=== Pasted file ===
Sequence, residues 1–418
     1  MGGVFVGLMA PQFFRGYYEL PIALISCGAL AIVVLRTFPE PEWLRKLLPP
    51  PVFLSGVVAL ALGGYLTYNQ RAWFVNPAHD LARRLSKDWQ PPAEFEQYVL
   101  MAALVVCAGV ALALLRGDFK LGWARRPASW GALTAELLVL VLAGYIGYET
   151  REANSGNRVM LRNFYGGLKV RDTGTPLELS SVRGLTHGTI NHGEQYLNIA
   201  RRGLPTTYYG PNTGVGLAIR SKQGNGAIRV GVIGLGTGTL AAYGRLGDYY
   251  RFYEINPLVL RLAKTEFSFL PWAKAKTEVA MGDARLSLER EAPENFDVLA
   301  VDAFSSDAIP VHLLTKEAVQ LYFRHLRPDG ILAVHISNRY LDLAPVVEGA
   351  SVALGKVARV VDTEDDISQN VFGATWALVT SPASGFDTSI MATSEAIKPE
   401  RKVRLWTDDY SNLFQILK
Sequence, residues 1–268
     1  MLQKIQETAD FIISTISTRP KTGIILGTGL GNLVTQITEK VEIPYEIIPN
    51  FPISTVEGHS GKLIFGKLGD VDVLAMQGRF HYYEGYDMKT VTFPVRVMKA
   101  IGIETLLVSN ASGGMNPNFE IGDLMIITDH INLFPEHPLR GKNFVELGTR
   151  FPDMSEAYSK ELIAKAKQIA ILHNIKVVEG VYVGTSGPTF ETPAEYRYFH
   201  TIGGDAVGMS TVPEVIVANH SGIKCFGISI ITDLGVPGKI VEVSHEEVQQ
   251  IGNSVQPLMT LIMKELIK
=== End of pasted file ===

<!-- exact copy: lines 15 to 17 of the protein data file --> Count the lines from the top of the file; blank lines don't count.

   151  FPDMSEAYSK ELIAKAKQIA ILHNIKVVEG VYVGTSGPTF ETPAEYRYFH
   201  TIGGDAVGMS TVPEVIVANH SGIKCFGISI ITDLGVPGKI VEVSHEEVQQ
   251  IGNSVQPLMT LIMKELIK